The Science and Law of Food Testing

The scientific credentials of anyone working within food testing need to be underpinned with knowledge of the current and emerging regulations. This means keeping a breast of any changes to food quality standards. The all too recent horse meat scandal is a reminder of why food testing is needed with a global food supply chain.

Food testing labs fall into two key disciplines:

Food microbiology testing

FOOD LIVERS

Food chemistry testing
Both areas of food testing are about providing reliable, accurate results to make foods safer. Ensuring they meet the necessary statutory requirements and protect the consumer.

Food microbiology testing

Microbiology food testing is specifically for the identification of microorganisms which causing food spoilage and foodborne illness or where food producers’ use microorganisms to in food production, for example cheese making.

The most common applications of microbiology in food testing are:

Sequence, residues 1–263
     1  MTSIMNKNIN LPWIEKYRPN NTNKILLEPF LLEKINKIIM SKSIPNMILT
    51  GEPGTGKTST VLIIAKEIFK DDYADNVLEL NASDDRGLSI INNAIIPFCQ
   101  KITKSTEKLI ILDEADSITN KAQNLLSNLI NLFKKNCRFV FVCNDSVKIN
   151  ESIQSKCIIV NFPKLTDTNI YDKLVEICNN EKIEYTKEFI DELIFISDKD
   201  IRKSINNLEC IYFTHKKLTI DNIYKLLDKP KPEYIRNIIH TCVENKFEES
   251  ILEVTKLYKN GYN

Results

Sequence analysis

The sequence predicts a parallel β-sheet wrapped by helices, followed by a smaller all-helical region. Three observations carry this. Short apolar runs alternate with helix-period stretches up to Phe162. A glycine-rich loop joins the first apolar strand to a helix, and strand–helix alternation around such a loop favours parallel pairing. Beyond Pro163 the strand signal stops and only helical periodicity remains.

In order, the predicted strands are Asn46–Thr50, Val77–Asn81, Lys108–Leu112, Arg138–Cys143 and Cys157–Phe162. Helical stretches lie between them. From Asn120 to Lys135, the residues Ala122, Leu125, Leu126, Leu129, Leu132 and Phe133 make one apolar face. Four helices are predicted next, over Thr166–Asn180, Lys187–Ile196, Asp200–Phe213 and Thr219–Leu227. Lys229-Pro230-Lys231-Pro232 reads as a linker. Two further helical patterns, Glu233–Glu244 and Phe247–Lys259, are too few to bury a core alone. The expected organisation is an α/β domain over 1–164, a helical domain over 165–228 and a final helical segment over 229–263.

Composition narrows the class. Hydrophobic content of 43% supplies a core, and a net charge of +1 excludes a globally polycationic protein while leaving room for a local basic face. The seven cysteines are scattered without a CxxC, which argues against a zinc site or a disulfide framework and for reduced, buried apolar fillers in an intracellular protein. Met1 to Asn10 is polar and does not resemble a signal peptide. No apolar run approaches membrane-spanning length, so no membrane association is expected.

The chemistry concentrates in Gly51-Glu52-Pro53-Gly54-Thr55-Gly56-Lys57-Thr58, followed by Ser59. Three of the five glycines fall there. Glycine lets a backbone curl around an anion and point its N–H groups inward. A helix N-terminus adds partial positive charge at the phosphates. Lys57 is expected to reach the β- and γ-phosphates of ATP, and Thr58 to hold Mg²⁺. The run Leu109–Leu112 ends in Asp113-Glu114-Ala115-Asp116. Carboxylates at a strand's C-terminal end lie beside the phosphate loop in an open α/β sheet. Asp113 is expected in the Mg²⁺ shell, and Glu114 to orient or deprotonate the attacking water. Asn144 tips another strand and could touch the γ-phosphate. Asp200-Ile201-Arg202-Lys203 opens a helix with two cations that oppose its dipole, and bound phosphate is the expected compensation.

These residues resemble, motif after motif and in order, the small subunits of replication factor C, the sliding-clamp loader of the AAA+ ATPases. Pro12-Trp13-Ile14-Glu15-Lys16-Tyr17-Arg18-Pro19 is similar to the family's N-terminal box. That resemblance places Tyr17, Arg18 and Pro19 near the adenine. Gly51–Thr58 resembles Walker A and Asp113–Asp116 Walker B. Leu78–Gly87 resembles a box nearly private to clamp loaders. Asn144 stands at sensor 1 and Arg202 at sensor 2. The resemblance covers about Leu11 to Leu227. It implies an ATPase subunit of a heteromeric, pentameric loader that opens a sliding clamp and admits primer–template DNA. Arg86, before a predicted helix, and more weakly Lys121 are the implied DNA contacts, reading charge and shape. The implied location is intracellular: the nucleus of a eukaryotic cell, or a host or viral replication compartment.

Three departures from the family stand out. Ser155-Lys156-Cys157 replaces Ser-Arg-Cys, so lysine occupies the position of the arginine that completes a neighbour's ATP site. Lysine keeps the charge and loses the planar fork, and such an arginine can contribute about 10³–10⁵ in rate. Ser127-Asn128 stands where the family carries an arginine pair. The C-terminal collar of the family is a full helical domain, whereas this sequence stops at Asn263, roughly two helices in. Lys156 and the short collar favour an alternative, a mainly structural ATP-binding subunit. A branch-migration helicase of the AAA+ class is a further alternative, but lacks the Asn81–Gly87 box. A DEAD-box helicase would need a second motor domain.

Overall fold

• Shelf Life Determination – confirmation of the stability of a food product based upon storage conditions, time and temperature. The shelf life determination allows food producers to confidently set a Sell By Date or Use By Date.

• Water Testing – testing water is safe for human consumption within a food factory or manufacturing site. Because water a raw material and should be tested and analysed accordingly.

• Legionella Testing – testing water for the specific presence of Legionella bacteria, especially the most pathogenic (disease-causing) strain of Legionella bacteria is Legionella pneumophila group.

• Environmental Hygiene Monitoring – advice on how to set up food factory environmental control and monitoring plans to help meet the specifications required for good food factory environmental hygiene Helping reduce levels of contamination in finished products, leading to improved quality, fewer batch rejections and lower risk of product recall.

• Microbial Quality Determination – used to assess the microbiological quality of the end product, or an ingredient, or even the cleanliness of a food contact surface.

• Pathogen Determination/Identification – analysing and testing for food pathogens which cause illness in humans either by infections such as Salmonella, Campylobacter and pathogenic Ecoli or in toxications such as Bacillus cereus, Staphylococcus aureus or Clostridium botulinum.

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